Motorists lament as traffic diversion on Kara Bridge begins
For motorists plying the ever-busy Lagos-Ibadan Expressway, last Wednesday was a particularly harrowing day as gridlock grounded the stretch of the highway, and the adjourning routes.The Guardian observed that traffic outbound Lagos has been diverted to the inbound section, creating a traffic bottleneck with thick spillover at both ends. At the Lagos end of the traffic overflow, major arteries like the Third Mainland Bridge, Ikorodu Road inwards Ojuelegba were all on a lockdown.
From as early as 6 a.m. motorists and commuters moving along the highway were stranded as their vehicles got stuck in the traffic jam that lasted the whole day.Many of those heading to Lagos found the slow pace of vehicular movement from Ibafo which run through the entire stretch of Long Bridge, while those moving out of Lagos experienced the traffic from as far as the Iyana-Oworo end of the Third Mainland Bridge.
It was learnt that the gridlock was caused and worsened by a trailer that lost control and rammed into the concrete barricade used for road diversion at the diversion points crossing the two lanes reserved for the movement of vehicles.The road which was re-opened on December 1, 2019, was partially closed in September when the reconstruction work commenced and traffic was diverted on both sides of the expressway.
The initial work plan was reviewed when the ministry failed to meet up with the set completion date for the 1.2-kilometer rehabilitation and reconstruction, which kicked off in September last year.As usual, the diversion has spiked fares within the axis as commuters are paying above 100 per cent. A trader, Kafayat, said the masses did feel the pinch the most.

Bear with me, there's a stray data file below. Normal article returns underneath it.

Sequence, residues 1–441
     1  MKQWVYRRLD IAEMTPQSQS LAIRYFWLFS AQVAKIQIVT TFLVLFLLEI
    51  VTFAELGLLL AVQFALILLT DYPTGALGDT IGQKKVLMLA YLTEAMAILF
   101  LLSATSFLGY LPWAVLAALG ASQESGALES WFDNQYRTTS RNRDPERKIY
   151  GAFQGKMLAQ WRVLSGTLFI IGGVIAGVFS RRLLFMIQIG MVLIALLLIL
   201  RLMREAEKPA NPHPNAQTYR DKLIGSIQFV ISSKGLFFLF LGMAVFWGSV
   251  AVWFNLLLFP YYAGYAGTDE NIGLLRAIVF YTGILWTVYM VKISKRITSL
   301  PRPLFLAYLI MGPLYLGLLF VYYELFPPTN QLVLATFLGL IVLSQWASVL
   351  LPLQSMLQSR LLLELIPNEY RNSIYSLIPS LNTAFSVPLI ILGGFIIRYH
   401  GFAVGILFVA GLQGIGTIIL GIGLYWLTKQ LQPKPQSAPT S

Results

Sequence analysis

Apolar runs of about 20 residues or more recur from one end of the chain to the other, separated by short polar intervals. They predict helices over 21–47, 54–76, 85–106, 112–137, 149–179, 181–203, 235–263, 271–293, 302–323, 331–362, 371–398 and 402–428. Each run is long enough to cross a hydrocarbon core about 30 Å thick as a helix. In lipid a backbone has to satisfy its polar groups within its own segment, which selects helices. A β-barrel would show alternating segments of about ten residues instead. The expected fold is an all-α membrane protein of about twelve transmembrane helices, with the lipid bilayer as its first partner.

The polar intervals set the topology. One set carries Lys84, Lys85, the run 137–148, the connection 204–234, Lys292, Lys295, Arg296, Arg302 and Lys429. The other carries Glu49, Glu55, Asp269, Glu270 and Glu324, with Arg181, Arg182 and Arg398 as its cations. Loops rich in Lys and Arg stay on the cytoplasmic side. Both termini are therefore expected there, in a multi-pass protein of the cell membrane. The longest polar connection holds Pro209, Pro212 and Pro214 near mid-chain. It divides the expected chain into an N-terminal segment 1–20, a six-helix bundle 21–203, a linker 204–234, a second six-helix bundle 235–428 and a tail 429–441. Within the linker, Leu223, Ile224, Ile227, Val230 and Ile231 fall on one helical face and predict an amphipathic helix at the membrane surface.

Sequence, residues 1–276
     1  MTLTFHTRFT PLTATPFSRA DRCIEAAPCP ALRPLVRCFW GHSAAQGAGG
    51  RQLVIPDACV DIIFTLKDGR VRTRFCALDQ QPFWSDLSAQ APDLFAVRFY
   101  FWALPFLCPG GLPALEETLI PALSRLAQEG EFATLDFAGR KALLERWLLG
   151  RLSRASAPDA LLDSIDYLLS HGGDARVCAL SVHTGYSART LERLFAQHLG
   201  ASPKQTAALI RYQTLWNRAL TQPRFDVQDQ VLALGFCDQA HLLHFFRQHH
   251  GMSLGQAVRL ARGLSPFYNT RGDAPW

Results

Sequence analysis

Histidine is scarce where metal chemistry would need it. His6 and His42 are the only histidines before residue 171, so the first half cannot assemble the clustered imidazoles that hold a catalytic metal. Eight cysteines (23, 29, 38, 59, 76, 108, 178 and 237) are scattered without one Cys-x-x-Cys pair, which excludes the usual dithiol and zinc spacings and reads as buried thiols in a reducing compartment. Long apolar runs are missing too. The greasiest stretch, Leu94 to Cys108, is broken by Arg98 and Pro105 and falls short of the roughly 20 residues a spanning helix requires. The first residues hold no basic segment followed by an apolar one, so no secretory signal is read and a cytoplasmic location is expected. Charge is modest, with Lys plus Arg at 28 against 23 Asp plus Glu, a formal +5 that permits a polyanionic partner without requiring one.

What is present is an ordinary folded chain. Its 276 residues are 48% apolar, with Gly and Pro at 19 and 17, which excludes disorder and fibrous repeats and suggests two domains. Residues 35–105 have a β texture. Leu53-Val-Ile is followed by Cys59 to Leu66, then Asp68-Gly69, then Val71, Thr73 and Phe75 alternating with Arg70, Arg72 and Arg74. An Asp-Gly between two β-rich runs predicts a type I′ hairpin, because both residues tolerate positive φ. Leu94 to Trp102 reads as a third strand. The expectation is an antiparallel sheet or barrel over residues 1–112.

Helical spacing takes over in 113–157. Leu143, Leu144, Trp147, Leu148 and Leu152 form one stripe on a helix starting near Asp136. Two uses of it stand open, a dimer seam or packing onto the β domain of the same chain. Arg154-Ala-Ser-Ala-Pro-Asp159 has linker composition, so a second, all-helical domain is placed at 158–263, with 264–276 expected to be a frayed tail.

“Bus drivers and conductors have started charging us double. The transport fare from Berger to Ojota used to be N200 per passenger but I’ve been unable to board a vehicle because of the new price which is N500 per passenger. I hope an end comes to this very soon,” she said.
Similarly, Ope Adeyemi, a student, said that danfo drivers were taking the new development out on passengers by hiking fares.“We have no choice but to pay the amount they’re asking for. That’s the price we have to pay for whatever is happening right now and all we need do is pray that God grants the construction company the zeal to complete the project on schedule,” Adeyemi said.
The Federal Controller of Works, Adedamola Kuti, told The Guardian that the project would be completed by next month.“We are fully ready for this; we are right in the dry season, a construction season so we don’t expect the kind of experience we had during the rainy season.
“By the time we get ready, here should be taking us this month and next month. By the end of February we should be completing the 600 meters work on the outbound Lagos,” he said.According to him, the rainy season forced the deadline for the completion of the reconstruction of the Kara/Berger, forcing road users to bear the brunt as they spent long hours in traffic.
“All things being equal, we should be able to finish the construction by February 29.What happened the last time was as a result of the rain. It was the rain that causes the delay of the first batch of construction in October. We don’t expect any rain in February.
“Being a construction zone, it is a continuous movement, even though it might be slow. Our advice is that motorist should obey traffic rules and conditions before leaving their homes because that has been the bane of our problem. Vehicles keep breaking down and once motorists are disciplined on roads and obey traffic officer, we may likely minimise the problem of accidents within diversion areas. Once there is an accident on the construction site, it creates a lot of gridlock,” he said.
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